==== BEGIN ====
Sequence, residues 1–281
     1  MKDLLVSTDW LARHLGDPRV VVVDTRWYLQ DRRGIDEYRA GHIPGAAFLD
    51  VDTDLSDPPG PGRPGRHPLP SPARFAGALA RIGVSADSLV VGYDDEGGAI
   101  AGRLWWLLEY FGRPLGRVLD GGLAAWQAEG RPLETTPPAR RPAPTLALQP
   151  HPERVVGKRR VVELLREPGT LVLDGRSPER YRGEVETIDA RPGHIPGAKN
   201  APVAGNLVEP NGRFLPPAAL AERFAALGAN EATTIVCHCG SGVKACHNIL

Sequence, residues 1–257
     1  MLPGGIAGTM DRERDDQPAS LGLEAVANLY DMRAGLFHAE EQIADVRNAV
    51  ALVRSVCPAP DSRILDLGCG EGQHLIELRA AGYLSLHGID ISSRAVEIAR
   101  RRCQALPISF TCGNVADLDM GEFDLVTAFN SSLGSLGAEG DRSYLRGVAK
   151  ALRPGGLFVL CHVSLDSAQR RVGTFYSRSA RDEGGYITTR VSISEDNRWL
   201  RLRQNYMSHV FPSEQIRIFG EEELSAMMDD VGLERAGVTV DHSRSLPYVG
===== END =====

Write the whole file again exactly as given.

Sequence, residues 1–281
     1  MKDLLVSTDW LARHLGDPRV VVVDTRWYLQ DRRGIDEYRA GHIPGAAFLD
    51  VDTDLSDPPG PGRPGRHPLP SPARFAGALA RIGVSADSLV VGYDDEGGAI
   101  AGRLWWLLEY FGRPLGRVLD GGLAAWQAEG RPLETTPPAR RPAPTLALQP
   151  HPERVVGKRR VVELLREPGT LVLDGRSPER YRGEVETIDA RPGHIPGAKN
   201  APVAGNLVEP NGRFLPPAAL AERFAALGAN EATTIVCHCG SGVKACHNIL

Sequence, residues 1–257
     1  MLPGGIAGTM DRERDDQPAS LGLEAVANLY DMRAGLFHAE EQIADVRNAV
    51  ALVRSVCPAP DSRILDLGCG EGQHLIELRA AGYLSLHGID ISSRAVEIAR
   101  RRCQALPISF TCGNVADLDM GEFDLVTAFN SSLGSLGAEG DRSYLRGVAK
   151  ALRPGGLFVL CHVSLDSAQR RVGTFYSRSA RDEGGYITTR VSISEDNRWL
   201  RLRQNYMSHV FPSEQIRIFG EEELSAMMDD VGLERAGVTV DHSRSLPYVG